Middle-schoolers compete in the kitchen


Team Awesome Sauce at Mary Ellen Henderson Middle School in Falls Church won the Husky Chef competition with its meal of buffalo wings and macaroni and cheese. (Marybeth Connelly/Falls Church City Public Schools)
February 4

Every day you eat lunch in your school’s cafeteria. You may like the food. You may not. But you probably don’t think much about the challenge of preparing a nutritious and delicious meal for hundreds of kids.

Students at Mary Ellen Henderson Middle School in Falls Church recently got a taste of what it’s like.

Pear pizza?

“Wait, guys. Check for the bread now,” Connor Fletchall, 13, said, running around with his team, the Rockets, as the hour they had been given to prepare their chicken noodle soup, with a side of warm bread, drew to a close.

“Cut it in half, and put a little butter on each,” said Grace Rasnake, 12.

“Put the foil over the pot,” said McKenzie Brady, 12.

The Husky Chef competition started three years ago at the school, whose mascot is the husky. It’s the school’s version of the cooking show competition “Iron Chef.” Four times a year, seventh-graders compete as part of a nine-week class called family and consumer science. The contest challenges eight teams to find a recipe and side dish that they like, shop for the ingredients and then prepare it for four judges. Four teams compete at a time, so there are two winners.

“Kids love it. It’s really exciting. It’s really fun,” said Richard Kane, the director of food services for Falls Church City Public Schools, who helped come up with the competition. Past winning dishes have included Gorgonzola cheese and pear pizza, beef kabob over rice with a mambo fruit salad and a chilled fruit soup that kids at the school still request in the cafeteria. Winners prepare their meals for the whole school.

“They put their hearts into these dishes,” Principal Seidah Ashshaheed said.

Hands-on learning

The class teaches kids about nutrition and cooking, mostly in hands-on lessons. The kids make meals in the classroom, which has four kitchens. This year’s recipes included crepes, smoothies, omelettes and paninis.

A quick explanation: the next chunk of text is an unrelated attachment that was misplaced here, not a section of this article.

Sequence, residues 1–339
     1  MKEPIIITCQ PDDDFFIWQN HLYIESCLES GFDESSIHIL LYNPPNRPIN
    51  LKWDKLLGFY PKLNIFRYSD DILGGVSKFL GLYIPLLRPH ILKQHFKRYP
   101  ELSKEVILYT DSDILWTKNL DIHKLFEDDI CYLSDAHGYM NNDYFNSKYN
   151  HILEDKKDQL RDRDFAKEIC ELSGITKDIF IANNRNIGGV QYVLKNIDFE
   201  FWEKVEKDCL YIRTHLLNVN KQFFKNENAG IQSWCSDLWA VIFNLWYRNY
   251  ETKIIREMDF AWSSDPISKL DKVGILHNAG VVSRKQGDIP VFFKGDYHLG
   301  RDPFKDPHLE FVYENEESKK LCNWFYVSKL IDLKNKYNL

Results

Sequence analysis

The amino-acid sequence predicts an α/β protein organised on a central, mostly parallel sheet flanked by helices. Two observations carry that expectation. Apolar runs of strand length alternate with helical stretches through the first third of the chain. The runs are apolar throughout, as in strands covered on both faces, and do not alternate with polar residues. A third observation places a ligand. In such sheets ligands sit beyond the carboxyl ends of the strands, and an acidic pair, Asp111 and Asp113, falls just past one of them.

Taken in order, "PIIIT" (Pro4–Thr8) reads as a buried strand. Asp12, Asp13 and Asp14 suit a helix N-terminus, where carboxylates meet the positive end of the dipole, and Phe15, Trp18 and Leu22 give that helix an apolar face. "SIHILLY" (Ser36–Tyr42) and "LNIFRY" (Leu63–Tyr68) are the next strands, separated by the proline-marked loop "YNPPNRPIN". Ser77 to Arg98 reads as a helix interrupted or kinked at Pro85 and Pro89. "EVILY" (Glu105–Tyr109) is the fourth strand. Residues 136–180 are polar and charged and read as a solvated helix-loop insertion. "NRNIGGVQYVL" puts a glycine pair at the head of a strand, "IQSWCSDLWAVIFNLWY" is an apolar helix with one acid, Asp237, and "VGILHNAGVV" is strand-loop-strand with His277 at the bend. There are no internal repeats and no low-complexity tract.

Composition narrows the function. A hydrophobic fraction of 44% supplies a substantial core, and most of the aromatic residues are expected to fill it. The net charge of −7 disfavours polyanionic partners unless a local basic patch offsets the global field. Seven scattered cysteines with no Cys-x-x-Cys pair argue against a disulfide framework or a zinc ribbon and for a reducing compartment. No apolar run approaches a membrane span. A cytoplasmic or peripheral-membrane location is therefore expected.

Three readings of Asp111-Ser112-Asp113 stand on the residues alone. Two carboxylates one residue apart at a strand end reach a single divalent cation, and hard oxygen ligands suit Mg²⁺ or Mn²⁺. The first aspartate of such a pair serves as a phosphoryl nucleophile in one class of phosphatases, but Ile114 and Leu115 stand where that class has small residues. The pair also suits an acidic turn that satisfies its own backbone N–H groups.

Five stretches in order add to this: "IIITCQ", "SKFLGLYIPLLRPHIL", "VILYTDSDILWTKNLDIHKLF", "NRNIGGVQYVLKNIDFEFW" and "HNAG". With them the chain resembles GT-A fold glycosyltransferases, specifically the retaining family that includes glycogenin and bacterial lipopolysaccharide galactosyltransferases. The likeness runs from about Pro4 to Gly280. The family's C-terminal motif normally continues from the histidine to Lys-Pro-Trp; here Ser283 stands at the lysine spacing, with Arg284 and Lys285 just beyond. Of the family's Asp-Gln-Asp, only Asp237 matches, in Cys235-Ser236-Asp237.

Luke Sausville, 12, from the Rockets, learned how to crack an egg. Maria Najarro, 12, from Awesome Sauce, learned how to peel garlic. Megan Ferguson, 12, from the Winners, learned that a chef measures liquids and solids in different types of measuring cups.

“I didn’t know that recipes could be as complicated as they are,” said Shea Ruyak, 12, as she helped prepare a chicken stir-fry with her team, the Winners. “Cooking is really fun, so [the class] has inspired us to do more at home.”

“I helped my mom before, but now I can help her more,” Megan said as she stirred chicken.

It’s showtime

“Remember, guys, presentation is everything!” Kane said. (Presentation is how that the food looks on a plate.)

When the time was up, each team presented its meal to the judges, who offered advice and praise but mostly talked about taste.

In the end, Awesome Sauce won for its macaroni and cheese with a secret sauce and buffalo wings. The team figured it was a winning combination for kids and adults alike. The day before, Team Killem had won for its chicken pesto pasta.

Sean Butler, 12, was on team Awesome Sauce. He said that cooking was fun and that he learned a lot in the class. “I’ve also learned a lot about cleaning pots,” he said, “because at the end I always have to clean the dishes.”

Moira E. McLaughlin

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